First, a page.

Techno-Sprouts. I’m trying something new, inspired by Britt Bravo’s blog Have Fun • Do Good and her work helping nonprofits utilize technology. Visit Urban Sprouts e-News in blog form, and add your own comments! (Bear with me, I’m new at this!)
Garden Update. The gardens look so lush and green now as the rains begin! Broccoli plants are forming huge flowering heads while fava beans are climbing higher, reaching the knees and then the waists of students. The feasting has begun! We're making delicious fresh salads with a variety of greens: lettuces of all shapes and colors, baby spinach and chard, mustardy mizuna and tatsoi, spicy arugula, and tender leaves from fava shoots. But the youngsters’ favorite leafy green of all . . . Lemony sour oxalis weeds!! The pest of all pests! Well, besides the gophers who are still competing with us for all the best broccoli. If you live near Alamo Square or the Excelsior and would like to harvest collards, kale or other cooking greens over the holidays, there is PLENTY so let me know!
Classroom Notes. As I reflect on the year’s successes and challenges, I wanted to share some of my field notes from this fall. We’ve had hard days and inspiring days—I hope this pattern means we are improving over time, and that we can keep it up!
October 5, 2005
This time I stayed back in the classroom with the students who weren’t doing well. It took us several tries to get in a line and get outside. They were SO frustrating. It was last period and they were just bouncing off the walls, not listening to me at all. I got them to dig an easy bed and do some watering. The walk back to class was not so good. I think it was just my group. The others seemed to be OK. There is a small group of students who don’t listen or cooperate. Sometimes they won’t work at all. For now they can only do certain jobs—will those run out, or get boring? We can never run out of ground for just digging holes, right?
November 8, 2005
Ms. DeSnoo’s Special Day students are just amazing. The progress they have made is incredible. She has them in their seats, doing their work, cooperating, following the rules. There are definitely still outbursts but very limited compared to last year. They are excellent in the garden. They wander a bit and need reminders to stay focused, but they do a great job. They’re cooperative and positive in the garden and they get a lot of work done. Last week we found one ripe strawberry and they all passed it around and smelled it and couldn’t believe how strong and strawberry-like the smell was. Today they asked for more!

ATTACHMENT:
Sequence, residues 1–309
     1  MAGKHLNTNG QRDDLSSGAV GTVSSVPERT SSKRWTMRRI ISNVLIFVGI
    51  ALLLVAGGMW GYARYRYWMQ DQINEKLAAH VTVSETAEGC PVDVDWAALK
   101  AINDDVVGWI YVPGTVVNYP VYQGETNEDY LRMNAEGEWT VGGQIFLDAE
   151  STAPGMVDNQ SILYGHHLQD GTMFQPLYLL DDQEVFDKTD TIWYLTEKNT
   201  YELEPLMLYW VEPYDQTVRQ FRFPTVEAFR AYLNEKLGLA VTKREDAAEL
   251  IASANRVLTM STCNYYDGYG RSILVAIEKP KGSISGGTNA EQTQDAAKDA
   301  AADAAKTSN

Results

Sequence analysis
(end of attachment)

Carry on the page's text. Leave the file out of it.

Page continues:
November 22, 2005
We had our best day yet at Ida B. We had a new volunteer there, too, making a huge difference. It was a day of ideal weather. The students dug an entire new path into a new area where there is no garden. I never thought I’d be able to get them to do the digging, even over months! But they did it all in one day. Students who usually participate did a LOT of work, and students who usually just complain really engaged and participated. It was great. The space is transformed.
Support and More Support! Thank you, thank you, gracias and obrigada for all the volunteer time and contributions pouring in to Urban Sprouts this fall! Every classroom volunteer and donation encourages me when times are tough in our schools and communities. Knowing you are all behind Urban Sprouts makes a huge difference!!
Thank you to our dedicated volunteers for giving more than 75 hours of classroom time:
Marianne Bojelian-PapasThank you to all our generous and caring donors who have given over $2,500 to date:
Claudia AndersonAnd an extra SPECIAL thanks to Bill & Christine of the Potrero Nuevo Fund who have pledged a grant of $7,500 to Urban Sprouts for the new year!
Mike & Phoebe Bressack
Brook & CJ Higley
Anna Maria Luera
Patty & Michael Phleger
Robert Rosenheck & Charlotte Hitchcock
Jessica & Sam Droste Yagan
Renee & Claude Zellweger
Remember, it’s not too late to make a special gift for the holidays! Give in honor of a loved one and you can make your own dedication stone to place in an Urban Sprouts garden. E-mail me today with your pledge of $35, $75 or $125!
These words of wisdom just came in from Odin Zackman, a friend of Urban Sprouts who builds community and sustainability through his consulting business, DIG IN. He reflected that gratitude “can help us build a healthier culture and create stronger relationships”:
When thinking about gratitude, I like to think of the common root of humble and human, meaning “to be close to the earth.” Like humus, that precious component of soil that gives it life, how can our humility and humanity—through the practice of giving thanks, create an experience and a world that is more grounded and alive?The crazy holiday “season of giving” does give me the chance to express my deep gratitude and appreciation for the community of support that surrounds Urban Sprouts. Thank you!
Have a peaceful, cozy and very Happy Holidays!
Whether you’re gorging on Christmas, enjoying the traditional Jewish Chinese take-out, celebrating Kwanzaa (a harvest festival!), the solstice, the New Year, or nothing in particular, don’t forget to serve yourself some veggies!